Amanda Ripley is a contributing writer at the Atlantic and the author of “The Unthinkable: Who Survives When Disaster Strikes — and Why.”

One summer evening in 1894, in the midst of a smallpox outbreak, health officials headed to a Milwaukee home to take a sick 2-year-old to the hospital. They were met by several thousand neighbors surging into the streets, clutching knives, bricks and bats. “I will not allow my child to be taken to the hospital!” the mother screamed. Police drew their guns. The ambulance left, empty.

For a month, riots crackled through the poorest parts of Milwaukee, spreading smallpox among the most vulnerable. In the end, 1,079 people got sick, and 244 died. Most heartbreaking was the timing: This catastrophe happened years after a smallpox vaccine had become available. So much suffering could have been prevented had officials better understood human behavior.

Over the years, we’ve learned a lot about how people behave in public crises. The vast majority will cooperate with public directives and make significant sacrifices, under certain conditions.

What happened in Milwaukee? That summer, the health commissioner had allowed families in middle- and upper-class areas of the city to self-quarantine in their homes when sick. But in the more crowded German and Polish immigrant neighborhoods, the city had forcibly removed and hospitalized the ill, citing unsanitary conditions.

This double standard violated the most important condition for public cooperation in crises: basic fairness. “Unless the public is convinced it is receiving fair treatment, equitably applied, it will resist public health policy,” medical historian Judith W. Leavitt wrote about Milwaukee’s outbreak in the journal Biosecurity and Bioterrorism. As word of this double standard spread, immigrant families hid sick children when officials came to the door. The mother who would not allow her toddler to be taken away that night? She’d already had one child die in the hospital, and she had no reason to trust authorities with another.

Today, the only way to slow the spread of the coronavirus is to win cooperation from the public. We know from history that this can be done. But only if any directives given to the public are understandable and fair and allow people some amount of autonomy. Until a vaccine is found, these three principles — clarity, fairness and autonomy — remain our best empirically proven approach.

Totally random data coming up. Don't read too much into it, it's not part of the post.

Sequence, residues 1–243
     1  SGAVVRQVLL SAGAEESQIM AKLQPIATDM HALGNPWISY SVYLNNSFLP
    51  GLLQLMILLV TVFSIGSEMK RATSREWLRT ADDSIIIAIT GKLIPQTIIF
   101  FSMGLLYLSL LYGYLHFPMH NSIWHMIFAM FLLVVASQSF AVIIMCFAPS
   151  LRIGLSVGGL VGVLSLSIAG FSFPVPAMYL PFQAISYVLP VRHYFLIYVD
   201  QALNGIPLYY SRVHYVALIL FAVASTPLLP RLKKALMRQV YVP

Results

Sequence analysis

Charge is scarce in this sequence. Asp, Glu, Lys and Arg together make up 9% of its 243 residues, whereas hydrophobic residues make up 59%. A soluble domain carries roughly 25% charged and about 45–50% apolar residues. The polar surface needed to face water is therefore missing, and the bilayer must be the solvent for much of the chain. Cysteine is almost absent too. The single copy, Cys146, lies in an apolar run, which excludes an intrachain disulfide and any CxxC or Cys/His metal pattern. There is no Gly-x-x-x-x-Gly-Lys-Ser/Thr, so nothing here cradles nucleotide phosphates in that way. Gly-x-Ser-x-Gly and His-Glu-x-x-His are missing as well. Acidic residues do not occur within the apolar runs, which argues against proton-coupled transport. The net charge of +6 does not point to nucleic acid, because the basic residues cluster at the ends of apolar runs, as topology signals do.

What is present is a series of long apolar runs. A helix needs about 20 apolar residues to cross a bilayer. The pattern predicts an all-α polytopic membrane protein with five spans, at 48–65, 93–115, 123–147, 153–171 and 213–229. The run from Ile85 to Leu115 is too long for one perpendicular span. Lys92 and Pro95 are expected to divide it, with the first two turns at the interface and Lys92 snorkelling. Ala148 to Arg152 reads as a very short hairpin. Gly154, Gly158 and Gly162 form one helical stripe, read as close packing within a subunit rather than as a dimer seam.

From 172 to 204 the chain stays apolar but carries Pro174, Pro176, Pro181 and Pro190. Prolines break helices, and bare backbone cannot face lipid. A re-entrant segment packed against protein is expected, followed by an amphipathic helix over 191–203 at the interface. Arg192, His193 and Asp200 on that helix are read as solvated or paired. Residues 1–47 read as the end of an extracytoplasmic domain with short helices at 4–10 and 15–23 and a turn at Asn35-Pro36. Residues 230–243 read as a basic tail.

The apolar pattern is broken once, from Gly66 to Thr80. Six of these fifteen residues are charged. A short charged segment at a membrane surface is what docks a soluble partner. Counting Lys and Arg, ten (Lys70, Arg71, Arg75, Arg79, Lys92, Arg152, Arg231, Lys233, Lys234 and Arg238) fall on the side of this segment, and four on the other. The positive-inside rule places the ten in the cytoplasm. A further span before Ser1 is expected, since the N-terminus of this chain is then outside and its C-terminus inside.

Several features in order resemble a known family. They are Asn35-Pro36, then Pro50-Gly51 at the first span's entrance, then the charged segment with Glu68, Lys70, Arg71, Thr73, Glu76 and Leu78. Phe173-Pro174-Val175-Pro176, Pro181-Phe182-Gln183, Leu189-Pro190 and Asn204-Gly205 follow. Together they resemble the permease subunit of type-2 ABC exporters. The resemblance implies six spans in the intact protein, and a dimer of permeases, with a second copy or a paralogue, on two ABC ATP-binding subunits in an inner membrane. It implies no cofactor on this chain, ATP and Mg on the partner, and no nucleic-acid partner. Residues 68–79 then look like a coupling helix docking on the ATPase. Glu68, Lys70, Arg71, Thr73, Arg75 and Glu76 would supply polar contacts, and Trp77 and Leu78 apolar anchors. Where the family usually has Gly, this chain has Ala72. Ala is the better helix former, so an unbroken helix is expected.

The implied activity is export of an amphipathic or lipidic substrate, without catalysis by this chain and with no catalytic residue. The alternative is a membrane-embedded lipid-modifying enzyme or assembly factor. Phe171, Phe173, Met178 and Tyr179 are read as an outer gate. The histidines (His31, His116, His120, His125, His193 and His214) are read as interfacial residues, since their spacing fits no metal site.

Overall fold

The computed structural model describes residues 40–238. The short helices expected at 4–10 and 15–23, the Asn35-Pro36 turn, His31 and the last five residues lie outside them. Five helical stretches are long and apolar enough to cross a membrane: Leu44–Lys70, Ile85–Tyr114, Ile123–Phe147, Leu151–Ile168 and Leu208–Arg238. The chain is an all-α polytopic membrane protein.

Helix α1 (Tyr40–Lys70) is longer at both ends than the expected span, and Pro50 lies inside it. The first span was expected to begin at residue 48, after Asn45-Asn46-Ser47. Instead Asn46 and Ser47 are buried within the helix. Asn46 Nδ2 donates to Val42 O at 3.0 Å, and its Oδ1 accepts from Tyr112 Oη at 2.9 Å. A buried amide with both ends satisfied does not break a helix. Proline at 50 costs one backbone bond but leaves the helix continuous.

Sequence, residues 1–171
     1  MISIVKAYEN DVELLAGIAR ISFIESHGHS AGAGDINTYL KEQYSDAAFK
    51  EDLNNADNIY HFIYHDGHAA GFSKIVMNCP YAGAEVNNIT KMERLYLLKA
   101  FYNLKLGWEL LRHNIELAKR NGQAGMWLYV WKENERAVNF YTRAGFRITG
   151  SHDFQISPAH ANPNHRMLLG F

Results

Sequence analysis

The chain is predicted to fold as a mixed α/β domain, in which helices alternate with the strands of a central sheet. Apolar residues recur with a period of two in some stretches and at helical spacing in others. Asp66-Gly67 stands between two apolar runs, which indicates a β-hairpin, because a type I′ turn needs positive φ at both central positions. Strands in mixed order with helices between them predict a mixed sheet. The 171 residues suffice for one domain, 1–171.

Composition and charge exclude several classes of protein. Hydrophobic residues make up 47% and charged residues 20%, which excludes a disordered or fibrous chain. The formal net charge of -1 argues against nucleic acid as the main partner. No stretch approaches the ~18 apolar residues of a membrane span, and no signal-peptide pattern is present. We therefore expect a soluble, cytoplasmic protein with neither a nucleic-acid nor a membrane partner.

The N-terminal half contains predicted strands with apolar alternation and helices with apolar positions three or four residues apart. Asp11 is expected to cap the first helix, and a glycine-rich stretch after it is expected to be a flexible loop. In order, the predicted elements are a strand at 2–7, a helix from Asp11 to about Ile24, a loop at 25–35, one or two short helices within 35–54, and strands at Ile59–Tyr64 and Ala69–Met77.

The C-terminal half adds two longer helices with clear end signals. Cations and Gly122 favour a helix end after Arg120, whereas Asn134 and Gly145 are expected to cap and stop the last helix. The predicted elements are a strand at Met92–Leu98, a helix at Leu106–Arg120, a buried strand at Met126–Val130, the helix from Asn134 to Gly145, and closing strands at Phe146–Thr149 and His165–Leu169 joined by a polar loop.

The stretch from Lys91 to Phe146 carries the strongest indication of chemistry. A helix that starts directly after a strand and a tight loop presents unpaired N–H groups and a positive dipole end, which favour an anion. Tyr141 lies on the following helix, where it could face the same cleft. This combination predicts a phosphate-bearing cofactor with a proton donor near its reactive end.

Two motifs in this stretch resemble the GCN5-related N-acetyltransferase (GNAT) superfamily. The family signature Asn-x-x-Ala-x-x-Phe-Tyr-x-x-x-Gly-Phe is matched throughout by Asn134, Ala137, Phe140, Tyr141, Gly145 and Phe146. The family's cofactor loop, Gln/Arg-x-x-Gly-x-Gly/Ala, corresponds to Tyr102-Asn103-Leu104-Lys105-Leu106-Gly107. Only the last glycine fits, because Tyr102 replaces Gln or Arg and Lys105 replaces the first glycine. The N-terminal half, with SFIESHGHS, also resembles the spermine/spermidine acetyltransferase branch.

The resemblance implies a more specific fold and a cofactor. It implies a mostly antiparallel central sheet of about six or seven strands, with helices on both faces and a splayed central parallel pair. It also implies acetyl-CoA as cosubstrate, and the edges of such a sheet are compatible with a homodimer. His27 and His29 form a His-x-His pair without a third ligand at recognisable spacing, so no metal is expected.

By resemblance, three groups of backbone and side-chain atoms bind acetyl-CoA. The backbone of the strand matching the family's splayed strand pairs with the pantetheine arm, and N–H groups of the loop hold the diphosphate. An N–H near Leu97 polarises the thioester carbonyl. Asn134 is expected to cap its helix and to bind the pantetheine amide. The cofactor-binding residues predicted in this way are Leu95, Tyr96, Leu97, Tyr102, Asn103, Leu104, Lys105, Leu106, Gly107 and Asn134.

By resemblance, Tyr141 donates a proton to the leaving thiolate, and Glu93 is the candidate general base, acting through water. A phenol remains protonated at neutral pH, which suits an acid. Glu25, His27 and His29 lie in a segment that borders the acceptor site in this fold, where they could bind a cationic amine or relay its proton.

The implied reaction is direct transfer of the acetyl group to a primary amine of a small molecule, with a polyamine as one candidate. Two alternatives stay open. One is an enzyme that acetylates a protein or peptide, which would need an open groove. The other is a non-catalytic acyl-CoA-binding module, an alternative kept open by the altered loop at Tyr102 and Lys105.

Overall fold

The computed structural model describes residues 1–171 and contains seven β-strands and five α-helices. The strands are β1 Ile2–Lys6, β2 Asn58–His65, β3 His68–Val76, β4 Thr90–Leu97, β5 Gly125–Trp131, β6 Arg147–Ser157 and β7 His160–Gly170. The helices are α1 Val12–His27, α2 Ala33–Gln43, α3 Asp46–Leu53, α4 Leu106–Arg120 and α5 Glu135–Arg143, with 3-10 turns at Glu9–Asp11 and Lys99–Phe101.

So far, the United States is failing on two of three. The fairness principle was violated when wealthy or famous Americans got access to testing before other, sicker Americans. And it continues to be violated.

Our greatest failure has been a lack of clarity. The warnings have not been nearly as understandable as they could be. Promising that everyone could access testing when it was simply not true undermined any future request President Trump might make of the public. But he is not the only one failing. Public health officials, politicians and journalists are saying inconsistent, inaccurate things using misleading words.

“This might be the largest public information mess I’ve ever witnessed,” says Dennis Mileti, professor emeritus at the University of Colorado, who has studied and designed public warnings for 45 years. “It just breaks my heart. We know how to do emergency planning better than anyone on Earth and it’s not there.”

Words matter. The phrase “social distancing” is inaccurate. “Physical distancing” is much more accurate. Asking people to stay home except to go to the grocery store, do essential jobs or exercise, as has happened in California and other places, is not a “lockdown." That’s like calling a traffic light a military blockade. It makes it sound as though the government is forcing us to stay inside, which means it might be less effective, ironically. Americans will do remarkable things when asked, but they don’t like to be forced.

Autonomy is key. In 1947, New York City experienced a smallpox outbreak that started out like the Milwaukee tragedy. The vast majority of New Yorkers were not vaccinated and had no immunity to the disease, which was introduced by a visitor from out of state. But everything after that went differently.

The health commissioner had the authority to forcibly hospitalize sick people, but he didn’t use it. Instead, he held daily news conferences and delivered clear, consistent, transparent messages to the public. The city handed out buttons, empowering people to “Be safe. Be sure. Get vaccinated.” They offered free vaccinations in every public and parochial school around the city. The mayor and even President Harry S. Truman got publicly vaccinated themselves.

In one month, more than 6 million New Yorkers got vaccinated — voluntarily. People waited hours for their turn. The city had braced itself for a possible 4,900 deaths, based on previous smallpox outbreaks; in the end, there were just 12 cases — and two deaths.

“What New York teaches us is, you inform and involve people in crafting solutions to the threat,” says medical anthropologist Monica Schoch-Spana at the Johns Hopkins Center for Health Security. “You respect the public’s autonomy, and you give them the information they need.”

Last week, we got a glimpse of what this might look like at the national level — not in the United States but in Germany: “I firmly believe we will manage this task if really all citizens see it as their task,” Chancellor Angela Merkel said in a surprisingly honest address to the German people. “Nobody is expendable. Everybody counts. It requires effort by all of us. This is what an epidemic shows us.”

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